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How the Democratic and Republican Parties Are Bankrupting Our Future
Pete Peterson says we are 'running on empty' due to economic theologies from both parties. He says Social Security benefits must be cut.
Peter G. Peterson is chairman, The Blackstone Group, and chairman of the board of directors of the Council on Foreign Relations. At a meeting of the latter group he discussed his new book Running on Empty which attacks what he calls "economic theologies" as being "faith-directed" which means they are economic views which are "more or less untouched by analysis, history, or evidence." Then he even quotes Dietrich Bonhoeffer calling him a philosopher rather than the Lutheran theologian that he was.
When I sat down and read several economics textbooks some years ago I was myself amazed the degree to which they were based on "faith-like" assumptions, such as the "maximizing man" and the invisible hand notion whereby if everyone acts according to their own self-interest then the most good will occur for the whole community. That seems to me simply a way to justify greed.
But that aside, Paul Peterson goes after several groups of people, including those who believe that tax cuts solve every economic problem. Indeed, such is what calls an economic theology with no evidence that it is true.
It's worth taking a look at this article partly because it demonstrates what Republicans really want to do. They want to reduce Social Security benefits. At least Peterson is being honest and he is making arguments that need to be addressed by real policy debate. Meanwhile President Bush wants to create private savings accounts by allowing folks to pay into these accounts with part of their Social Security taxes each month. But he doesn't tell anyone this will cost a trillion dollars over ten years, as Peterson clearly states, unless benefits to the elderly are reduced substantially.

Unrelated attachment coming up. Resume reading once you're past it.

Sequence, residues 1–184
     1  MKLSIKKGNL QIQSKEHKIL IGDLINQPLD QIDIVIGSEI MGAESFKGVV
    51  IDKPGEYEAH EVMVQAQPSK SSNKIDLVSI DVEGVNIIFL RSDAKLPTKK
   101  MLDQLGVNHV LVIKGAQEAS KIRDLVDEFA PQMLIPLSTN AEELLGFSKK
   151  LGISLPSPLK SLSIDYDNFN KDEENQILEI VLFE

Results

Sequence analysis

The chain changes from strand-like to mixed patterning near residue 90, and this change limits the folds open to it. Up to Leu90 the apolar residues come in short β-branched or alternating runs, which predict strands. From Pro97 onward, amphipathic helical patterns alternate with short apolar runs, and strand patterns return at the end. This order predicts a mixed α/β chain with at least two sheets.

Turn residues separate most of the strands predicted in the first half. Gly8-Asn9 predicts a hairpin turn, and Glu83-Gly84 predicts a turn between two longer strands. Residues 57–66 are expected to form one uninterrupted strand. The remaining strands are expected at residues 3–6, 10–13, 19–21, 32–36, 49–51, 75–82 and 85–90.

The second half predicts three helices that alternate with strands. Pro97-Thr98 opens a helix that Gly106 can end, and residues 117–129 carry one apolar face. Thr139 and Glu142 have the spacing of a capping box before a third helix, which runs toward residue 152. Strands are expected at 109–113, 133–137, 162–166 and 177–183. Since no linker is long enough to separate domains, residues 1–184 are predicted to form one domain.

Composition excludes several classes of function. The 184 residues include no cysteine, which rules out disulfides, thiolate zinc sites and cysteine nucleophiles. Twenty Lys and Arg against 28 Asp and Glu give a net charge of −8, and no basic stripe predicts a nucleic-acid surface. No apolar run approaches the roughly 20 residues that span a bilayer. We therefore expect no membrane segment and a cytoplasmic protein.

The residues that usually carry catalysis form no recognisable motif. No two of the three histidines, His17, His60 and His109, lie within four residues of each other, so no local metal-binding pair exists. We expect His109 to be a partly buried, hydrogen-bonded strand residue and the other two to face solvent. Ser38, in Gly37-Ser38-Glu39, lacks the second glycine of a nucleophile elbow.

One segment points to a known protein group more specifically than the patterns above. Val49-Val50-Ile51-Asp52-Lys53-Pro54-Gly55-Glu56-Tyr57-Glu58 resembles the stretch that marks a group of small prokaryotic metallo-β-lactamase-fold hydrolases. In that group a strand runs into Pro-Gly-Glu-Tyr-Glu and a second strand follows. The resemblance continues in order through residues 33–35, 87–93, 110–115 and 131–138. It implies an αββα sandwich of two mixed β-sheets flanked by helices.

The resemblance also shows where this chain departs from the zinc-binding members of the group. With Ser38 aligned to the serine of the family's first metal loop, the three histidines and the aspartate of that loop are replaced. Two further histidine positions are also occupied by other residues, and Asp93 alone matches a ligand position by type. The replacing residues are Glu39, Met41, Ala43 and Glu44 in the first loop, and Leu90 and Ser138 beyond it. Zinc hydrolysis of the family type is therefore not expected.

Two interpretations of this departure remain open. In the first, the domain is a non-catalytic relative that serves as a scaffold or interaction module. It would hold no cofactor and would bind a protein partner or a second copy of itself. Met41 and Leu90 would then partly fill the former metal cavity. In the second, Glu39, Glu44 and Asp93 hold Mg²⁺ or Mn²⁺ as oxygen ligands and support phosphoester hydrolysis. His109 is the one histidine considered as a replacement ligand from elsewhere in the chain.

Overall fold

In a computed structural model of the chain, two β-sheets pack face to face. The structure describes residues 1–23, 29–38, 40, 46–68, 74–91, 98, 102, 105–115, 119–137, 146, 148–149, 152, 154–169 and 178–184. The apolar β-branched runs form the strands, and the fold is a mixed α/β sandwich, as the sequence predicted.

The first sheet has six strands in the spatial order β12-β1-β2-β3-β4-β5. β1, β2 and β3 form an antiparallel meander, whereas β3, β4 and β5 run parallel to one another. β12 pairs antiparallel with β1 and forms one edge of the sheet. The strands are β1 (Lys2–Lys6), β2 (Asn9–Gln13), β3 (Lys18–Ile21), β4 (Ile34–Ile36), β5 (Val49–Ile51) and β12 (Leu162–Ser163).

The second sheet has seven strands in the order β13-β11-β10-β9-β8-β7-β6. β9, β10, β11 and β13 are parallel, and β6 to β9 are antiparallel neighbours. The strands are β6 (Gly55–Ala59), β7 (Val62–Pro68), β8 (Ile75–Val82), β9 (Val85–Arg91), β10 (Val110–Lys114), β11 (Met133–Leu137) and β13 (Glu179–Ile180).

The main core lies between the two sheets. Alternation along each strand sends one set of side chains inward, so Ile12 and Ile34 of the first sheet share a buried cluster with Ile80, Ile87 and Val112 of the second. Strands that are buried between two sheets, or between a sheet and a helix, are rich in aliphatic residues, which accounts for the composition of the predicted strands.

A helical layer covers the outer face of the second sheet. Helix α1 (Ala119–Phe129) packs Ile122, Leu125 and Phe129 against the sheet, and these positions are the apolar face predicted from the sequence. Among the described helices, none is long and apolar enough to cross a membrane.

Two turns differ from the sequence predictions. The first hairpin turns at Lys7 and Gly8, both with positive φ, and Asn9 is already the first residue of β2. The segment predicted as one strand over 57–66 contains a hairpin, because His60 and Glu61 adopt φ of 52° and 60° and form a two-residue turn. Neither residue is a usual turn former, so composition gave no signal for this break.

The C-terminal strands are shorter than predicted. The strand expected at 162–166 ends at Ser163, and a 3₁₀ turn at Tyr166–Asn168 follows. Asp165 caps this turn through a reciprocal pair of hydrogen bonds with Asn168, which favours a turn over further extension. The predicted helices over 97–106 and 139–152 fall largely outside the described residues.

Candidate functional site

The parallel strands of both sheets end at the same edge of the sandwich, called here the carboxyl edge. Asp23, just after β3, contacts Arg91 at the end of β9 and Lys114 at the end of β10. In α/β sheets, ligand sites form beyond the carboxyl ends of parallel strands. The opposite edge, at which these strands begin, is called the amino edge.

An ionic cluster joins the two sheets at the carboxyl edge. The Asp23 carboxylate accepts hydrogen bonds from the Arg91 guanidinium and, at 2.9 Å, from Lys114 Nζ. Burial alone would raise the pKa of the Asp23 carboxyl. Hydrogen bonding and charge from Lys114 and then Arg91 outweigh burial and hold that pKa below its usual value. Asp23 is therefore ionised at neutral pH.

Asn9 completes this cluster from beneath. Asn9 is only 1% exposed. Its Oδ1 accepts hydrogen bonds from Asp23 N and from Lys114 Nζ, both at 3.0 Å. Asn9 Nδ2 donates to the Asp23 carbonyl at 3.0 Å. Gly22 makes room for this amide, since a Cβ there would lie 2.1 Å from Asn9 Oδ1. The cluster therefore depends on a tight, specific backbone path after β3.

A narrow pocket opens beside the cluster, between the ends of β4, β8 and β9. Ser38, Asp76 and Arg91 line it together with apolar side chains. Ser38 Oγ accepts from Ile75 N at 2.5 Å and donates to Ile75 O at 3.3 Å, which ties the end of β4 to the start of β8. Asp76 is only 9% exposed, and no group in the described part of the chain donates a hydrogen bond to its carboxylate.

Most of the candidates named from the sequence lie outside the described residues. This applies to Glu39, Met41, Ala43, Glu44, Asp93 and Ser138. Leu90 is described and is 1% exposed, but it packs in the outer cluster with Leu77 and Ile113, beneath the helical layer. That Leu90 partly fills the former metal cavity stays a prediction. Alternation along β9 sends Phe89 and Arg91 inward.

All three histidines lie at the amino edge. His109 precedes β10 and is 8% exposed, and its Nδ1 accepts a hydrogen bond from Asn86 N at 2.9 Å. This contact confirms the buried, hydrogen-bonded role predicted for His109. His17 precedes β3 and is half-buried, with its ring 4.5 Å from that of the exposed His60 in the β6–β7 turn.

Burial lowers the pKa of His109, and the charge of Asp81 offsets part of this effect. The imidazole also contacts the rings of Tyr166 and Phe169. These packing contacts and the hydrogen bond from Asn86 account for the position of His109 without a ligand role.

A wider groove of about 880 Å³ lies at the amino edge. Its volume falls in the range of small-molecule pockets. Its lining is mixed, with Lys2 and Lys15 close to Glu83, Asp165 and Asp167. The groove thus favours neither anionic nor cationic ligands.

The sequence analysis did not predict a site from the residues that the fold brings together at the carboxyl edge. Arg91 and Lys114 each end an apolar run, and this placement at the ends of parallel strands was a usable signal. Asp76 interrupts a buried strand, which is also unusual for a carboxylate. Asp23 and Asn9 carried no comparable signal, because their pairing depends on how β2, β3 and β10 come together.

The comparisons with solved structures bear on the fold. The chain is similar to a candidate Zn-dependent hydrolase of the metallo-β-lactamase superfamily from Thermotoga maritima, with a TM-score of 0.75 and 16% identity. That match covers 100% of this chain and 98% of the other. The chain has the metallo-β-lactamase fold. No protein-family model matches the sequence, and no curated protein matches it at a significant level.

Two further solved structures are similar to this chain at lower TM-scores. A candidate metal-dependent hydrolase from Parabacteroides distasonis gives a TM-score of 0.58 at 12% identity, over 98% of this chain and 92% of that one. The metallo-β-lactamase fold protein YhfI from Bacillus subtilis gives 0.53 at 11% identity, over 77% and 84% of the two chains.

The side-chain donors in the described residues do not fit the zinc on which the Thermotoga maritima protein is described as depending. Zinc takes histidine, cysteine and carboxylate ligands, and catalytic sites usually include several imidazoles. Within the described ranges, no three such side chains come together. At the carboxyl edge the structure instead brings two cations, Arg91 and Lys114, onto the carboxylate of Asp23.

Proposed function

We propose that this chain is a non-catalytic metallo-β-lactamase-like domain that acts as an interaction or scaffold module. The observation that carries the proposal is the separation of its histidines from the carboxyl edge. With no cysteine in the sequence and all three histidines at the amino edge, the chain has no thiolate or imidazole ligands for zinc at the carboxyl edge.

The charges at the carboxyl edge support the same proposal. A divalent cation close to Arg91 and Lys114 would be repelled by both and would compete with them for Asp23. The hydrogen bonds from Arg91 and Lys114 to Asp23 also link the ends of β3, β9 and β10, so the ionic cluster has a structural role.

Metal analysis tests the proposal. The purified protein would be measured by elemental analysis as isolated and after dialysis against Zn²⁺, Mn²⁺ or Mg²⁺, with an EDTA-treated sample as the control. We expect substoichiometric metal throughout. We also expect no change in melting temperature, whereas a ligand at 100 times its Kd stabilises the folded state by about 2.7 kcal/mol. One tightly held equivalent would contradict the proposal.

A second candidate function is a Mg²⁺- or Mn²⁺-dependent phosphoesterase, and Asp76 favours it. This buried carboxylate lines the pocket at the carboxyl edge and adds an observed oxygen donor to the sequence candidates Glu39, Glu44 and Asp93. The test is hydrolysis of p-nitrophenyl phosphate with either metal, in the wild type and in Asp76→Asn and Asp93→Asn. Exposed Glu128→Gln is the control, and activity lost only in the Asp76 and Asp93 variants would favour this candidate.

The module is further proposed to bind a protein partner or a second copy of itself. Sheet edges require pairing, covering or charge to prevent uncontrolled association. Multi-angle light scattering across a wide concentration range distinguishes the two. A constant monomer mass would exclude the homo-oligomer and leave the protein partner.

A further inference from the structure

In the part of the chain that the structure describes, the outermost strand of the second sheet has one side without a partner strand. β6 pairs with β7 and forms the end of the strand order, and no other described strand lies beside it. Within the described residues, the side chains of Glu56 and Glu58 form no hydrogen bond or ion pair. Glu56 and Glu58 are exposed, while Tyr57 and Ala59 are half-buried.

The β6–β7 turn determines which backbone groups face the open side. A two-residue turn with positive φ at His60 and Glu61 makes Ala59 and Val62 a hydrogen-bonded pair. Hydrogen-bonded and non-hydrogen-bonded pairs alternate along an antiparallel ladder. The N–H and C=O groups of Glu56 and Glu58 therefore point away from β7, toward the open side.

I would like if conservative economists and politicians would be a little more faith-directed, would affirm the theology of telling the truth. Paul Peterson is at least moving in that direction. And let's encourage him to put the Bonhoeffer standard ("The ultimate test of a moral society is the kind of world it leaves to its children.") above the economic ideology he learned from Milton Friedmann.
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